I finally established that yes, they had made a mistake and had since reversed the $73 charge for the reversed prescription paid for in my local pharmacy instead of in Arizona - and the balance of $6.94 was remaining due to an accounting error on their part - last June - when refilling a prescription that was fulfilled via mail order.  At this point, I didn't care, I paid the balance and now I wonder if perhaps I need to move my prescription to a pharmacy that won't take up quite so much of my time!

Friday, October 11, 2013

Up or Down?

Why should men take responsibility for ensuring that the toilet seat is correctly positioned at all times?  There is also a secondary consideration here.  How do we know that the next person to use the toilet will not require the seat to be in the Up position?  There is no guarantee that after a man has used the bathroom, the next person to use it will be female.

This question has been a source of confusion for me for a long time.  I have difficulty understanding why some women believe they have a divine right to have the toilet seat adjusted for them.  If men are held responsible for leaving the seat down after use, why should women not take responsibility for leaving it up after they use it?  Some women I have asked this question of, have given me some, not very convincing, argument about having to touch the toilet seat; this does not convince me.  Do men not have to touch it to lift it?  And then touch it a second time to put it back down?      

On the occasions that I have used the bathroom in an all male household, I have made an effort to remember to leave the toilet seat raised after me.  This seems only fair, even though there are times when men do require the seat to be down for use.  Maybe the same could be expected of a man using the bathroom in an all female household.  But, in a household of mixed genders, it is my opinion that we each adjust the seat to suit ourselves. My only strong preference is that men always lift the seat before use, and that everyone puts the seat, and the lid down before flushing.  On this subject, I also sincerely hope everyone does flush after use. Perhaps we should all leave it as we find it.

Personally, I am just happy that my men do remember to lift the seat before they use it.  I am perfectly capable of putting it down for myself. Plus, I know that I wash my hands thoroughly after using the toilet, I am not so sure about anyone else.

The Language Barrier

When I first decided to emigrate to America, the least of my concerns was language. I was aware that the English spoken in America was somewhat different to the English spoken in Ireland, but I had watched American movies and TV programs all my life and knew what those differences were. I also understood the accents and knew the different spellings of many of the words. I would have no difficulty with language. At least, that is what I thought.

One of the first unexpected problems arose not because I could not understand the Southern accents, but many Americans could not understand mine. And I had not taken into consideration the effort it takes to remember, in normal conversation, to substitute the American words for the words that flowed naturally out of habit. Then there was the numerous words I didn't realize were interpreted differently and finally, it had not occurred to me that Americans did not know that they spoke a different language and therefore they assumed when I spoke the English I was used to, that I was also using the language they were used to. As you can imagine, many misunderstandings arose as a result. And many still do from time to time.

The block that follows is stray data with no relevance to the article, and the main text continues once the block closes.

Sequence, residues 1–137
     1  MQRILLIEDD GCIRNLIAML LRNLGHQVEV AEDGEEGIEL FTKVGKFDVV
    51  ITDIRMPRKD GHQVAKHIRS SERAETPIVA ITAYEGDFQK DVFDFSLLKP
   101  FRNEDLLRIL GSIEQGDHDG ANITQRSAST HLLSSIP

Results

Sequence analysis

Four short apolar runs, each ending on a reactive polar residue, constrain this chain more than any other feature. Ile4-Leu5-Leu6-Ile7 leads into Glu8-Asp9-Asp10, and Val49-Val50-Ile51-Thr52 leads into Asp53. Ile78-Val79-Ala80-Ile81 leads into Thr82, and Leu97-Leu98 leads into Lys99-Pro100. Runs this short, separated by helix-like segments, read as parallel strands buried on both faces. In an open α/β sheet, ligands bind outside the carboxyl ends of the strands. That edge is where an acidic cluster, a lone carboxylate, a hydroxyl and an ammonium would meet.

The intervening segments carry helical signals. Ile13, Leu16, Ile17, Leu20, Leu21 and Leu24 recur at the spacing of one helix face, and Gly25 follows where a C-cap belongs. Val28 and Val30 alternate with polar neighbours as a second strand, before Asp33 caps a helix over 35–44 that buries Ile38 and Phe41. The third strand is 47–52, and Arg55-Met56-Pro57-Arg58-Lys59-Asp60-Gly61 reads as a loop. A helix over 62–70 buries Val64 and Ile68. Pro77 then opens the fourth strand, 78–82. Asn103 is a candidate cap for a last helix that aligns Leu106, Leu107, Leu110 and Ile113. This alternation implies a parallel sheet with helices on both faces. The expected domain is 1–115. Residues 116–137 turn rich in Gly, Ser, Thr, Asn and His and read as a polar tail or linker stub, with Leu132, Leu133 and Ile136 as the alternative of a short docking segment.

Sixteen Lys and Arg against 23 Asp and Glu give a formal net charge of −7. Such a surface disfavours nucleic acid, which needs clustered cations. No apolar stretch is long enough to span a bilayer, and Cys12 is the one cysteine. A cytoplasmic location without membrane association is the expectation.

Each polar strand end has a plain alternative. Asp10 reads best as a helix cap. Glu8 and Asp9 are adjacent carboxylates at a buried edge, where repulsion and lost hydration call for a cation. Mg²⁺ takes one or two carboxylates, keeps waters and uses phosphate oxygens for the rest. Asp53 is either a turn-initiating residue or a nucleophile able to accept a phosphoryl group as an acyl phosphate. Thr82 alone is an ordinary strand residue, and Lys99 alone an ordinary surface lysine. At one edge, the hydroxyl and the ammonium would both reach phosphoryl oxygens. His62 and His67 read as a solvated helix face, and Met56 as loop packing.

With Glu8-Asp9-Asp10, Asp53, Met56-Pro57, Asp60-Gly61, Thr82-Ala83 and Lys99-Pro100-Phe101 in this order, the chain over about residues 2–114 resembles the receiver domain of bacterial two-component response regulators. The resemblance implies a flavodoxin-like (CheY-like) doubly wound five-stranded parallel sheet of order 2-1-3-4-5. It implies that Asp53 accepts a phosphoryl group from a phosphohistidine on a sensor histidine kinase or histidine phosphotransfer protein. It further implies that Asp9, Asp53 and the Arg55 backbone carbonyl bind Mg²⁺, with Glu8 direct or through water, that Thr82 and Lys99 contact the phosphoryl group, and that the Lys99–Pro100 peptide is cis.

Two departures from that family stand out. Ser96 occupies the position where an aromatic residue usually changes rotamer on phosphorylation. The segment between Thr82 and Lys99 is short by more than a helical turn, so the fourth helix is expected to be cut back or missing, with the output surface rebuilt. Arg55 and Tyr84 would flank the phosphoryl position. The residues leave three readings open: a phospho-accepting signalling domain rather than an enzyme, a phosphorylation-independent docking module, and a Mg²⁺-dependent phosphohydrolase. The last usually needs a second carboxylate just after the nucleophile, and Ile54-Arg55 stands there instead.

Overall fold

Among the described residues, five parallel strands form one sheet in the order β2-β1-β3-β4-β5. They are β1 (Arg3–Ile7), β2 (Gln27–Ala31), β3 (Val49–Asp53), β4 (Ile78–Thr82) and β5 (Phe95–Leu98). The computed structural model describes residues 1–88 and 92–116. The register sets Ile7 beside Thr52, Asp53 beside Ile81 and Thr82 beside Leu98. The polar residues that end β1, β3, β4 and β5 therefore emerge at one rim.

Also unexpected was the fact that many words were used differently from state to state. Add to the different usage and interpretation of normal English words, the slang words that carried totally different meanings on either side of the Atlantic. However, the most difficult thing of all, is the step beyond the difference in sense of humor, probably the underlying reason that a sense of humor is so different from country to country; that is, the way we interpret, not just words, but abstract meanings to the way in which these words are used in conversation.

This is such an abstract idea, it is very difficult to describe in words. An example would probably be more useful. An Irish person might say "its been years since I saw you last", when in fact they mean "its been 4 weeks since I saw you last". An American would take "years" to mean more than 104 weeks, at the very least. Then there is the differences in the mixture of cultures, nationalities and religions encountered in America, compared with that in Ireland (though Ireland is becoming more cosmopolitan now). In Ireland it would be completely acceptable to say "Bless you" if someone sneezes. In America, it could quite conceivably be insulting to say this to someone.

On the other end of the scale, intonation and content is of great importance when interpreting speech in Ireland. Many words could be considered affectionate or insulting depending on the intonation. For instance, to call someone a 'bitch' in America is considered a huge insult, under any circumstances. In Ireland it can be an insult, but is rarely considered very offensive, and frequently it is actually an affectionate term; "you're a silly little bitch", in a soft voice, with a smile would be taken as affectionate; "you nasty bitch!", in raised or angry tones, with a frown, would be offensive, but not fatally so. To call someone stupid in Ireland is to express irritation at something they did or said which was not very sensible and is frequently ignored as irrelevant. To call someone stupid in America is to express a firm belief that they are moronic or simple minded, and is very offensive.